The Chinese military is reportedly alarmed by a new tactic being employed by the US Air Force. During a live-fire exercise over Norway, the service showcased the ability to deploy Joint Air-to-Surface Standoff Missiles (JASSM) from cargo aircraft, such as the Lockheed Martin C-130J Super Hercules, via the Rapid Dragon Palletized Weapon System.
Developed by the US Air Force and Lockheed, Rapid Dragon is an airdropped palletized and disposable weapons module that provides unmodified cargo aircraft, such as the C-130J, Boeing C-17 Globemaster III and Lockheed MC-130, with the ability to deploy an array of flying munitions, such as cruise missiles. Slowed by parachutes, the pallets release their missiles through the use of an attached electronic control box.
The concept comes from the 10th-century Chinese volley-firing siege weapon, Ji Long Che, which allowed for the launch of multiple long-range crossbow arrows from a safe distance. Along with allowing the US Air Force to initiate attacks from outside of dangerous areas, it means cargo aircraft can be temporarily repurposed as standoff bombers, a cost-effective measure.
All the components making up Red Dragon are held within the pallet, which can be dropped from a height of just 3,000 feet. It’s also believed the weapon system could be used to target the vulnerabilities of other countries’ air defense systems – think the S-300 and S-400 used by Russia – during swarm tactics missions.
Presently, Rapid Dragon is able to deploy the AGM-158 JASSM, a low observable standoff air-launched cruise missile, and its variants, and is able to produce a payload capacity of between 4,000 and 9,900 kilograms. Depending on the variant of cruise missile, its range can be anywhere from 80 to 1,900 kilometers.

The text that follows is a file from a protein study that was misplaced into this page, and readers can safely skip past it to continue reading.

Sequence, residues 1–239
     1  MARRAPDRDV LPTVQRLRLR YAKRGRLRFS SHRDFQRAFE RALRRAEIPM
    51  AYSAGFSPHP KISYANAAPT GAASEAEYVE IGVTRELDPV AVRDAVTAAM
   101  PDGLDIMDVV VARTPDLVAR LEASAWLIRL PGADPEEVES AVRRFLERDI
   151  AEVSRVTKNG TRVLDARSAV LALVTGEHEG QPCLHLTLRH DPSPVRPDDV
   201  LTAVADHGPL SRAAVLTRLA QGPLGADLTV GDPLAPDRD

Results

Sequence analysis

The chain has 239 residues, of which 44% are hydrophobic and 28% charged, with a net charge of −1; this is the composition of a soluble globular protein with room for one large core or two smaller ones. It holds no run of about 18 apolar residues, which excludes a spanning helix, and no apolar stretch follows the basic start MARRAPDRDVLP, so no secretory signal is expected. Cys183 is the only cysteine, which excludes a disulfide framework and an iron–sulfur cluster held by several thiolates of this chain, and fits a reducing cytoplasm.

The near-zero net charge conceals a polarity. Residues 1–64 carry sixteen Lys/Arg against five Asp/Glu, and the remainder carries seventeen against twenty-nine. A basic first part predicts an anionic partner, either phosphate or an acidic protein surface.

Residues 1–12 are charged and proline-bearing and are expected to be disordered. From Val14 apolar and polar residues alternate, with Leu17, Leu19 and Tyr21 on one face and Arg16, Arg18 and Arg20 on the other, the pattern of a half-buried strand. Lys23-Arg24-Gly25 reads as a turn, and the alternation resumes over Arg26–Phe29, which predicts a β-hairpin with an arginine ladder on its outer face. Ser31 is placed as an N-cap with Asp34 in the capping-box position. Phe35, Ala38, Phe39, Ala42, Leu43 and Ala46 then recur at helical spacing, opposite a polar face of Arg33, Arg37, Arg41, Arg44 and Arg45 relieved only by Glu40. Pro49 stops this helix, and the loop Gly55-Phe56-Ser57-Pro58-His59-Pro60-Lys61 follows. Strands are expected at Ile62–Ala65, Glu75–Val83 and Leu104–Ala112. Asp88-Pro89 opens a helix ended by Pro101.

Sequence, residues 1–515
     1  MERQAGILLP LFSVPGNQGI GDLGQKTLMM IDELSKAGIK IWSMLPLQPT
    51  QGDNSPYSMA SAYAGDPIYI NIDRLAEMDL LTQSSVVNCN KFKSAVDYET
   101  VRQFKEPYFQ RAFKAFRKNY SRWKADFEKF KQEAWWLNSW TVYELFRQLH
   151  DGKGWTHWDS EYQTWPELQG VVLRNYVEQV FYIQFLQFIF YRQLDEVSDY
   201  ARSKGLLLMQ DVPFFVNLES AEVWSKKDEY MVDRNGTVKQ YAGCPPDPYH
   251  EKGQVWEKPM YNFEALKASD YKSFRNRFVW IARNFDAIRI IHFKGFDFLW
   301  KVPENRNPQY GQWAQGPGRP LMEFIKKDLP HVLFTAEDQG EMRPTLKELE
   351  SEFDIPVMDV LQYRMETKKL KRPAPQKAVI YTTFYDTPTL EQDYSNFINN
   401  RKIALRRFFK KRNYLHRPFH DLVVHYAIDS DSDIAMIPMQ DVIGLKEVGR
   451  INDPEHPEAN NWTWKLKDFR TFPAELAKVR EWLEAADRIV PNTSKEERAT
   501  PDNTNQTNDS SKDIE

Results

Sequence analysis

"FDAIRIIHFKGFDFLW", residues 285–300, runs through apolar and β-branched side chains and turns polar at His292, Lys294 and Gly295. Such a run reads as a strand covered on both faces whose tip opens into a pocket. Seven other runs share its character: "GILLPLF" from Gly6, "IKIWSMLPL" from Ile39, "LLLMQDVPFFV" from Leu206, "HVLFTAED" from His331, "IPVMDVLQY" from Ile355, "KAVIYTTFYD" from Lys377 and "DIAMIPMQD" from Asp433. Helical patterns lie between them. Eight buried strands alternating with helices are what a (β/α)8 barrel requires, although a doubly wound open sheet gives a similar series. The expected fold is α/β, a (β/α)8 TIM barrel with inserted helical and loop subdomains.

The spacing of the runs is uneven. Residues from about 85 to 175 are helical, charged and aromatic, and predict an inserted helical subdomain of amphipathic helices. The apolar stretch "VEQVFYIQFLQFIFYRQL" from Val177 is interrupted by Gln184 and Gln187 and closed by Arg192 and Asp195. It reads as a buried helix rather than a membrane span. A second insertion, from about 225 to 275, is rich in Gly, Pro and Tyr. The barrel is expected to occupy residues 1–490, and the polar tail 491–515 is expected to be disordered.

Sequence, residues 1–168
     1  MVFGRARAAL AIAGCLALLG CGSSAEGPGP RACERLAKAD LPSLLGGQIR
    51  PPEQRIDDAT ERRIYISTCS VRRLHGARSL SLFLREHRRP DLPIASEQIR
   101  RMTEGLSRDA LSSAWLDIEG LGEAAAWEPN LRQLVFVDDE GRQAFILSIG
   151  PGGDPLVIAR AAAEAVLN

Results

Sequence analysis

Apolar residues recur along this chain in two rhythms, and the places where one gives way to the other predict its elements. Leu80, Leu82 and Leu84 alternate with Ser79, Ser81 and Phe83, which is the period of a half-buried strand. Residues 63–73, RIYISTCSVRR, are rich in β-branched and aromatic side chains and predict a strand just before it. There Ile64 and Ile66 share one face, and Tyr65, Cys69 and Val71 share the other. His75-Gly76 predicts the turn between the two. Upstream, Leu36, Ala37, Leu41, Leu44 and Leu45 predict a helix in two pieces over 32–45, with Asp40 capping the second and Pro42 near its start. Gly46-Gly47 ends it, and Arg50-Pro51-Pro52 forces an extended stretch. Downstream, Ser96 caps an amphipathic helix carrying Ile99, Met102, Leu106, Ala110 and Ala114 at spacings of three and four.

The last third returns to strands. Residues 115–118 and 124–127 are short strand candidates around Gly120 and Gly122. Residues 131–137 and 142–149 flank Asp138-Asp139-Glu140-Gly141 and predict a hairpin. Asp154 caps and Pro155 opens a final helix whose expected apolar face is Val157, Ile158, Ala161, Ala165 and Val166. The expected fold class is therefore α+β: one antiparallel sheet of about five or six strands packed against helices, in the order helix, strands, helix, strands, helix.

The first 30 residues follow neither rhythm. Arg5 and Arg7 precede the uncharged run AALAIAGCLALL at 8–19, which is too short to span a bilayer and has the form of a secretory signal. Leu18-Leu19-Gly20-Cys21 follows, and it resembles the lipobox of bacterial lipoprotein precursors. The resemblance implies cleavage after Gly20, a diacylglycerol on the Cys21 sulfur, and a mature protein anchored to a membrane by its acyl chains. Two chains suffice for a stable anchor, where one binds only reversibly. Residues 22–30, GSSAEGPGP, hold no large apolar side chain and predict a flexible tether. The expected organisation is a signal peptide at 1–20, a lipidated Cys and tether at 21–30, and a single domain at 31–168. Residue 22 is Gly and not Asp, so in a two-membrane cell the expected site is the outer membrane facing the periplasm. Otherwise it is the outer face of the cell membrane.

Following the successful live-fire demonstration in November 2022 as part of US Special Operations Command Europe exercise ATREUS 22-4, Lt. Gen. Jim Slife, Air Force Special Operations Command (AFSOC) commander, said Rapid Dragon is “really easily exportable to our partners and allies around the globe that may want to increase the utility of their air force.”
Lt. Col. Valerie Knight, 352nd Special Operations Wing (SOW) mission commander, added, “An MC-130J is a perfect aircraft for this capability because we can land and operate from 3,000-foot highways and austere landing zones whereas a bomber cannot.”
The US Air Force plans to carry out another test in February 2023, this time over the Gulf of Mexico at the Eglin Air Force Base Over Water Test Range in the western Florida Panhandle. This demonstration will involve an unspecified cruise missile armed with a live warhead.
The development of Rapid Dragon has reportedly alarmed Chinese military experts, according to an article in the Science and Technology section of China National Defense News, a sister publication for the PLA Daily. The latter serves as the mouthpiece of the Chinese Communist Party’s Central Military Commission.
In the article, author Xi Qizhi notes that cargo aircraft are able to carry out more combat sorties that typical bombers and are much more difficult to track. He also suggests that such aircraft could conduct strike missions following the transportation of goods to the front, providing a dual-purpose for necessary supply trips.
“The agility of the US military’s distributed method for strike missions and the suddenness of those strikes will increase immensely,” Xi writes.
These concerns were echoed by Derek Solen, a US Air Force civilian researcher specializing in Chinese aerospace studies, in an article for The Jamestown Foundation. “The PLA likely regards Rapid Dragon in particular as a credible threat,” he writes. “The PLA is likely to regard the seriousness of that threat as significantly greater if Rapid Dragon is shared with American allies.”
Along with the aforementioned capabilities of the US Air Force’s cargo aircraft, another concern raised by Xi is the fact the US military, overall, has a large number of C-130s. According to Task & Purpose, the Air Force has over 200, while the US Coast Guard and Navy have another couple dozen.
If Rapid Dragon is as big of a concern to the Chinese military as Xi Qizhi and Derek Solen claim, officials will certainly be looking at how the upcoming demonstration plays out.